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Marijuana is found in 2 water meters

FruityBud

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Attention potheads: The water-meter compartment by the street is a really bad place to keep your stash.

A couple of unknown marijuana owners likely discovered that the hard way last month after Metro Water District meter readers in two different neighborhoods found baggies of the illegal weed tucked in with the water meters, and police confiscated them.

In the first instance, in the 3000 block of West Liberty Tree Lane - near West Magee and North Shannon roads - on March 7, a meter reader found a bag of marijuana and called his supervisor, Steve Woolridge, before continuing about his business, according to Pima County Sheriff's Department reports.

Woolridge arrived, found the baggie and called the police.

Because the meter was located in a general area, according to the report, there were no suspects or investigative leads. The baggie was placed into evidence at the Sheriff's department.

Four days later, Woolridge got a call from another meter reader, this time in the 3000 block of West Coriander Drive - near West Orange Grove and North Shannon roads.

According to that police report, Woolridge met the meter reader where he found the baggie of marijuana before sending the meter reader on his way.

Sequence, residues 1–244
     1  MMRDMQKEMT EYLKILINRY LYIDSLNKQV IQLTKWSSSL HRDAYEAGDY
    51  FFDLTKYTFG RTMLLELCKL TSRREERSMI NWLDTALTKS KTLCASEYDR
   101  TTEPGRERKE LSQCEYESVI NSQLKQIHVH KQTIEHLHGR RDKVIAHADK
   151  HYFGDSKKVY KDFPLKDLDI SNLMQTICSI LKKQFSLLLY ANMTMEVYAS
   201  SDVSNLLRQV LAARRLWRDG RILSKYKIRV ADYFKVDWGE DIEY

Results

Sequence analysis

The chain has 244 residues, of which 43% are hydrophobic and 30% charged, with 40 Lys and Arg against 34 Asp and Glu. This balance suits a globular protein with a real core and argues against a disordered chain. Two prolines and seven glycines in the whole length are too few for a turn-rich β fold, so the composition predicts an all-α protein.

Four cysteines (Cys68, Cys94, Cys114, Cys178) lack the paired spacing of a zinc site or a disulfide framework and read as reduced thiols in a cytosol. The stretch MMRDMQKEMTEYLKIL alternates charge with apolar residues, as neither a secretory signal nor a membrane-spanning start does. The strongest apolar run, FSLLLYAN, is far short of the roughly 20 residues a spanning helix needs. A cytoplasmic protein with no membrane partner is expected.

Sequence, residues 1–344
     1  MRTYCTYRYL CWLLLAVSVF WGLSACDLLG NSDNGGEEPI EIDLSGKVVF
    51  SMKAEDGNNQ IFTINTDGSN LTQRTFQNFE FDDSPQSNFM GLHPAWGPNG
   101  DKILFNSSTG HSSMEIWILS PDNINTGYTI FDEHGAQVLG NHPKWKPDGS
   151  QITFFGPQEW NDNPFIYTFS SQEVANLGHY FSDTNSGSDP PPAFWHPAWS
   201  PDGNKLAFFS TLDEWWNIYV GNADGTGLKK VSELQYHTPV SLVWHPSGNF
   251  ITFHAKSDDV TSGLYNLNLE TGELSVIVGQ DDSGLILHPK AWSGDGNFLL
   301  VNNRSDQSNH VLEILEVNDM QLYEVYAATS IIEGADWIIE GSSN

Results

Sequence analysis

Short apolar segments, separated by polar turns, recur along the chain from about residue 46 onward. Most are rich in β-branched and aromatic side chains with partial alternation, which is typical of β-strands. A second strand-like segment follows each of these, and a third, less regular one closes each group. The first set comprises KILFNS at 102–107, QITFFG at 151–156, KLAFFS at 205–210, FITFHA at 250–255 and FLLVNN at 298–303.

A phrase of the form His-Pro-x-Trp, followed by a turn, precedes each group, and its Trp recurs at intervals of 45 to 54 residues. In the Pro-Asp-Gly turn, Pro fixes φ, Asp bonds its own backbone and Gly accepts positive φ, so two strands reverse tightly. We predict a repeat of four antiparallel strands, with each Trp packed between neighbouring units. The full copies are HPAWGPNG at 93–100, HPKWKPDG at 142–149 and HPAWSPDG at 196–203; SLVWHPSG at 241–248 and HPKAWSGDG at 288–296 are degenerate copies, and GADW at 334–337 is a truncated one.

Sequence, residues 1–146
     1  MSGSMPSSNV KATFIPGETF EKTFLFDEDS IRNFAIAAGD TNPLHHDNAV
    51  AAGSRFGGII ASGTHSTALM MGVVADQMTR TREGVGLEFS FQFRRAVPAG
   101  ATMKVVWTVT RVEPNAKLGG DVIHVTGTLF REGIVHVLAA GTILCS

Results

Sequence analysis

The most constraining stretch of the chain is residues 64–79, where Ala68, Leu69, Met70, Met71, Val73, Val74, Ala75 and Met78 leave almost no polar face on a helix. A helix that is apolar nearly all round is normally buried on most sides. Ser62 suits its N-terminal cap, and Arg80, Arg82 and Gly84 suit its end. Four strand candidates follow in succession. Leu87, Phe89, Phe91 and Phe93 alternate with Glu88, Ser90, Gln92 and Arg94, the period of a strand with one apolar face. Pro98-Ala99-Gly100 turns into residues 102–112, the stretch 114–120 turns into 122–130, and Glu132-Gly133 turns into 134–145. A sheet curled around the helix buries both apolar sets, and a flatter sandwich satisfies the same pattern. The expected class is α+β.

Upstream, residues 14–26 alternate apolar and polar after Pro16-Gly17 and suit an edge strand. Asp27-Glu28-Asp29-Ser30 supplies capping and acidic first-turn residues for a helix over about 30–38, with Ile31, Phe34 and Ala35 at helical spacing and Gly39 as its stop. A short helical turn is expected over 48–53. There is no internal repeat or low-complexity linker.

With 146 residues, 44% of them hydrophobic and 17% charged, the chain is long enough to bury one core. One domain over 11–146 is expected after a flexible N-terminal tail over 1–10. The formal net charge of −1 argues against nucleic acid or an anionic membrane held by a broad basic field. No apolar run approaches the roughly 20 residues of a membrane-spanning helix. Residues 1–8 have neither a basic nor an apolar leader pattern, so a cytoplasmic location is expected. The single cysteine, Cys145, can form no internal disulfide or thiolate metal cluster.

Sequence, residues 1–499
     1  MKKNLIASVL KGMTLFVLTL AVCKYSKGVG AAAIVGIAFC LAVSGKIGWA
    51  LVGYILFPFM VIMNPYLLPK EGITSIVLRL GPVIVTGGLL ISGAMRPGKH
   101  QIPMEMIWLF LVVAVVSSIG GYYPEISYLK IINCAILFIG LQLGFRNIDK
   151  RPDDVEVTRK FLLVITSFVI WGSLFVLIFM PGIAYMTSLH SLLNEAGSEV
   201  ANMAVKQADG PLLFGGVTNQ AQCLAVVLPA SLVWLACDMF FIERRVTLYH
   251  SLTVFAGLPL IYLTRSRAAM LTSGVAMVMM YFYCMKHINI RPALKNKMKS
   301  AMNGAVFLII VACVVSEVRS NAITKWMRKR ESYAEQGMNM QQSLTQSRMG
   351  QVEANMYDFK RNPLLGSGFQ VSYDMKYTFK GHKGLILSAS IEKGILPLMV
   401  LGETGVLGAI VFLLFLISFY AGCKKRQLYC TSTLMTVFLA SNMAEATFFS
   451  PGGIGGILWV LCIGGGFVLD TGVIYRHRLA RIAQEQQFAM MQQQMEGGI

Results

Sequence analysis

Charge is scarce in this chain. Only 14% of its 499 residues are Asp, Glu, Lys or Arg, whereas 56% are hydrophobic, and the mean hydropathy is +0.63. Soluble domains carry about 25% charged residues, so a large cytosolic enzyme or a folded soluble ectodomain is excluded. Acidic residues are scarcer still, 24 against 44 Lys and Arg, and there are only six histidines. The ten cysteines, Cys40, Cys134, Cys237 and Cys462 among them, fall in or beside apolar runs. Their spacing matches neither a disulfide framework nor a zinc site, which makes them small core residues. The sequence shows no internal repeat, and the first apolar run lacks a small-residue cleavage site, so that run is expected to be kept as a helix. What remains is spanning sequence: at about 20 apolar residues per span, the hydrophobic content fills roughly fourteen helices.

When police arrived, Woolridge showed an officer where the marijuana was, and police placed it into evidence, according to the report.

Because that meter was in front of a house, the responding officer spoke to a resident, but the man said he didn't know where the drugs might have come from.

Mark Stratton, general manager of Metro Water, said it's not common for meter readers to find pot in the water meters.

"Whenever they see something strange, their instruction is to call police and let them handle it," he said.

Pot users should know that water meters are read at least once a month, he said.

"We get everything around here," Stratton said. "It really makes you wonder."

Pima County Sheriff's Deputy Erin Gibson said if people stumble upon such a thing, they definitely should not touch it and should call the appropriate law-enforcement agency.

"I've never actually heard of that happening before, so I can't imagine it's too common," she said.

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